Evaluating Treatment Options for Patients With Infective Endocarditis

When Is It the Right Time for Surgery?

Aneil Malhotra; Bernard D Prendergast


Future Cardiol. 2012;8(6):847-861. 

In This Article

Uncontrolled Infection

This is the second most common indication for surgery[8] and encompasses persistent bacteremia, extension of perivalvular infection and resistant organisms.

Persistent Bacteremia

Persistent sepsis from an ongoing bacteremia after 5–7 days, or lack of clinical improvement after 1 week of appropriate antibiotic therapy is generally an indication for surgery. An extracardiac abscess (e.g., renal or splenic) should also be sought and if excluded early surgery should be undertaken. Persistent sepsis is more common with larger vegetations that are more difficult for antibiotics to penetrate and in IE secondary to more aggressive organisms, including Staphylococcus aureus.[19] Current guidelines indicate that surgery should be considered if fever or positive blood cultures persist after 7 days of appropriate therapy.[5,6]

An important distinction is the patient who develops recurrent fever after initially favorable progress. In this setting, antibiotic sensitivity or an alternative source of infection (including the possibility of central line colonization) are likely and surgery should only be considered once these have been excluded with confidence.

Relapse following initially successful treatment is more common in patients with either nonstreptococcal endocarditis or prosthetic valve endocarditis. Surgery should also be considered in these patients.

Perivalvular Extension

Extension of IE beyond the valve leaflets, apparatus and annulus is associated with increased mortality, development of congestive heart failure and a higher likelihood of surgery.[39–42] Perivalvular extension in IE is the most common cause of uncontrolled infection, affecting 10–40% of patients with native valve IE, and is most frequent in IE affecting the aortic valve, when abscess expansion near the membranous septum and atrioventricular node may result in heart block. Periannular infection is of even greater concern in prosthetic valve endocarditis, occurring in 56–100% of patients, and accounting for high mortality in this group.[43]

Clinical clues include persistent fever, new atrioventricular conduction defects and pericardial effusion. Hence, serial ECGs should be performed in these patients although diagnosis is best confirmed by TOE.

Fistula and aneurysm formation due to extension of IE are associated with frequent surgery (87%) and high mortality (41%).[44] Other complications include ventricular septal defects, acute coronary syndromes and third degree atrioventricular block.[45–47] Factors associated with mortality included moderate-to-severe CCF, prosthetic valve involvement and need for an urgent operative procedure. Despite such high-risk surgery, there is no other real alternative, even when the patient remains hemodynamically stable.

Only in patients with small abscesses (<1 cm) in whom fever is controlled with no evidence of the aforementioned complications can a strategy of medical therapy with close clinical and echocardiographic monitoring be implemented.[5]

Resistant Pathogens

Several organisms are resistant to medical therapy and therefore a surgical approach is advocated. S. aureus native valve endocarditis, for example, causes severe valvular damage, large vegetations, embolic complications and poor overall prognosis.[16,19,48] Early surgery should be considered in most cases of native valve endocarditis and all cases of prosthetic valve endocarditis if there is no immediate response to appropriate antibiotic therapy.[19,49] Coagulase-negative cocci such as Staphylococcus lugdunensis are associated with a high rate of cardiac tissue destruction and requirement for early valve surgery.[50]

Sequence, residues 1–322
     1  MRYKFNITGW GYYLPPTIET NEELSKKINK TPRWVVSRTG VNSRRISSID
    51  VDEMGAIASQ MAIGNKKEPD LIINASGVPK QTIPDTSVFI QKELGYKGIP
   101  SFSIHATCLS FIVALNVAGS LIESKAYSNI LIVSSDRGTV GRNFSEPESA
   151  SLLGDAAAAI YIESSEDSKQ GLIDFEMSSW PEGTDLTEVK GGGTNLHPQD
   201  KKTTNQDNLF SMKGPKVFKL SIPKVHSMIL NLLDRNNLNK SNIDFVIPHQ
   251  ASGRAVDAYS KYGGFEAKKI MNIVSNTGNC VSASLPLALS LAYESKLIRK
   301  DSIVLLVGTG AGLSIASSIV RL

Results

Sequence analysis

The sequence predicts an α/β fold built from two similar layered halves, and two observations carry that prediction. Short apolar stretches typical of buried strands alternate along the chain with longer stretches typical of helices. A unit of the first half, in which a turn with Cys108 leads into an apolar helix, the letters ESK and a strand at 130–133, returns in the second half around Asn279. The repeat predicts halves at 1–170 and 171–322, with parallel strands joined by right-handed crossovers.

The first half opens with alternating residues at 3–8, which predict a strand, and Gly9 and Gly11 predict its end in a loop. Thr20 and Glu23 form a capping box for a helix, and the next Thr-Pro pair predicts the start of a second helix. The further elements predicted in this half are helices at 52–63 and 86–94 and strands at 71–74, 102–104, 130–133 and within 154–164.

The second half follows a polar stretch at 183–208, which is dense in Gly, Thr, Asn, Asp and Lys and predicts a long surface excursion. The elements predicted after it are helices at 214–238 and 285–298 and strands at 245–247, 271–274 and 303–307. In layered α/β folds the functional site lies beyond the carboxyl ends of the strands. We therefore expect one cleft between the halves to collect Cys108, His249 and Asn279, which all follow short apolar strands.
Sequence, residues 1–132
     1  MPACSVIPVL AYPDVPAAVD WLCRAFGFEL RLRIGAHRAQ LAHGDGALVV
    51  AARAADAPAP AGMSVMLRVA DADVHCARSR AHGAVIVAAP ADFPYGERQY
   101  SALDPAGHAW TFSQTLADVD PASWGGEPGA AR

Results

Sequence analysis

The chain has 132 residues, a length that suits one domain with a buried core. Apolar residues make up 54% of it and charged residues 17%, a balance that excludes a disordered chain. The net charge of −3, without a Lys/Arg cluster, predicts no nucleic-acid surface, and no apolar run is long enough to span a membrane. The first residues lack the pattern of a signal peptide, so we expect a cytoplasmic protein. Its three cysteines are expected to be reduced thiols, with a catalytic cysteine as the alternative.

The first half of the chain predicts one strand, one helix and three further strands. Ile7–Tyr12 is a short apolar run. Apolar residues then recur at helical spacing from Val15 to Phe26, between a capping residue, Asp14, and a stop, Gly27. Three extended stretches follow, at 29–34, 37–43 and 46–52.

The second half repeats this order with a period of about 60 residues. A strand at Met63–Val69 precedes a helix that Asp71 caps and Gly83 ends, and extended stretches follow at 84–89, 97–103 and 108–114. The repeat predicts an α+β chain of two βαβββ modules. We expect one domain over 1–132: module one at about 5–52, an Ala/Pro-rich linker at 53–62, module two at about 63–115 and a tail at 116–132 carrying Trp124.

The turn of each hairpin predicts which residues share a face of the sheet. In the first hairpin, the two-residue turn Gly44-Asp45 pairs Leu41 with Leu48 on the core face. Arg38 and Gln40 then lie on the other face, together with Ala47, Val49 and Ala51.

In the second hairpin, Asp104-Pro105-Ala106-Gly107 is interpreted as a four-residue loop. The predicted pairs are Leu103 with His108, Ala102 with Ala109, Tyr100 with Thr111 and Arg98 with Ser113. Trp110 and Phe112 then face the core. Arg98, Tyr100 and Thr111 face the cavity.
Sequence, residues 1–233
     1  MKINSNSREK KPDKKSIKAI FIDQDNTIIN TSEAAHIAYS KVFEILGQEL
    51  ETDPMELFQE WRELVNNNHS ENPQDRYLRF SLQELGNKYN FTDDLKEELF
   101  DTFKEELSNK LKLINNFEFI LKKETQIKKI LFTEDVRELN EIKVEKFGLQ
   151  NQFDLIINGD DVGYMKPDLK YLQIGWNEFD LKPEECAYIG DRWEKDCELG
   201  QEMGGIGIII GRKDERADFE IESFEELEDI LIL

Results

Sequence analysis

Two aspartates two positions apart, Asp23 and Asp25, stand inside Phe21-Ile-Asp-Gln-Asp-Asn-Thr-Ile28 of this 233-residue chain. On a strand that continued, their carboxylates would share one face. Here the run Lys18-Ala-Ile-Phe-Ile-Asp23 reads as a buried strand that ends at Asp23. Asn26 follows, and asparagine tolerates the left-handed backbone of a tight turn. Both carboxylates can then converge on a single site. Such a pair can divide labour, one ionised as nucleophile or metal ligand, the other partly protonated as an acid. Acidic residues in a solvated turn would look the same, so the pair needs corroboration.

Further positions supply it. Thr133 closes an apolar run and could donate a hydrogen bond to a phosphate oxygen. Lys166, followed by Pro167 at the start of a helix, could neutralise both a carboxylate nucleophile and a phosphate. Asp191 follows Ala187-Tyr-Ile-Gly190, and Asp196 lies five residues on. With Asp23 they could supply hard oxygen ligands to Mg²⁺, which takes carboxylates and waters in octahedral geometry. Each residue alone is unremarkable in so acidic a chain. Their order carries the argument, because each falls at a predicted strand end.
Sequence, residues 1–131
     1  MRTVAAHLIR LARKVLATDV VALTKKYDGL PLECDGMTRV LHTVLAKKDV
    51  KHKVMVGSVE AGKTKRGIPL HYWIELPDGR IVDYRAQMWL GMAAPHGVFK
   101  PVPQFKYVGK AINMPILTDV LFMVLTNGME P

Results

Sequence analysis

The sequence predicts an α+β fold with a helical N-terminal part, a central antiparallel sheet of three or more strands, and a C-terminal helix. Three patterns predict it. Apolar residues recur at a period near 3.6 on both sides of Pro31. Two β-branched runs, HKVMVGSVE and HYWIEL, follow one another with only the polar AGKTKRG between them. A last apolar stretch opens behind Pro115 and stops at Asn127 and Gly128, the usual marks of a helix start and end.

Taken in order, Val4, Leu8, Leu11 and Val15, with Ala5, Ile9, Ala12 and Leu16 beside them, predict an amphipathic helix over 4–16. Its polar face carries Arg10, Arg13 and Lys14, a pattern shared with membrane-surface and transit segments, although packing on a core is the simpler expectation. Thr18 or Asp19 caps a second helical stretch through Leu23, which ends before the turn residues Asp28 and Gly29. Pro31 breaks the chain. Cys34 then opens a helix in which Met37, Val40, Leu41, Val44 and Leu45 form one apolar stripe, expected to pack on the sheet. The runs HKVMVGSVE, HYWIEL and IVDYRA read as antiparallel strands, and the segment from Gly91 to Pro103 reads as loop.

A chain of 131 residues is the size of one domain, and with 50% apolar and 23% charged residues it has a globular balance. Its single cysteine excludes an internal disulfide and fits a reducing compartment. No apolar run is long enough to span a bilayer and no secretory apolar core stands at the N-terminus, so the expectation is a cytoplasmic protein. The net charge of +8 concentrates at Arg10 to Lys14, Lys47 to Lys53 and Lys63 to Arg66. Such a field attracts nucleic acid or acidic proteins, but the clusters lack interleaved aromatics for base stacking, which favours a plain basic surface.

Fungal IE, secondary to infection with Candida or Aspergillus, is often complicated by bulky vegetations, perivalvular spread and embolic events. Penetrance of antifungal agents, such as amphotericin B, into these large vegetations is poor and early surgery is almost always necessary, particularly when complications are present.[51] In those who are deemed unfit for surgery, long-term antibiotic suppressive therapy can be considered.[52]

Pseudomonas aeruginosa is associated with nosocomial infections. While medical therapy may suffice in right-sided endocarditis, this is rarely effective in left-sided disease. Therefore surgery offers the best prospect of complete cure.[53]

Brucella IE is characterized by an aggressive course with frequent valve destruction, congestive heart failure and abscess formation. Antimicrobial therapy alone is rarely effective and early surgery is recommended.[54]

Coxiella burnetii, the agent responsible for Q fever, is resistant to medical cure and recolonization after successful valve surgery is a frequent event. Surgery is recommended in patients with congestive heart failure, prosthetic valve endocarditis and uncontrolled infection[55] and prolonged postoperative antimicrobial therapy (up to 2 years) is recommended to prevent recurrence.[56]

Surgery provides the only means of eradication of infection when IE is caused by multiresistant organisms, including methicillin-resistant S. aureus and vancomycin-resistant enterococci. Early involvement of microbiology teams is essential to determine the selection and duration of appropriate antibiotic therapy.

In summary, patients with uncontrolled infection from persistent sepsis, perivalvular extension and resistant pathogens should undergo early surgery unless severe comorbidites exist.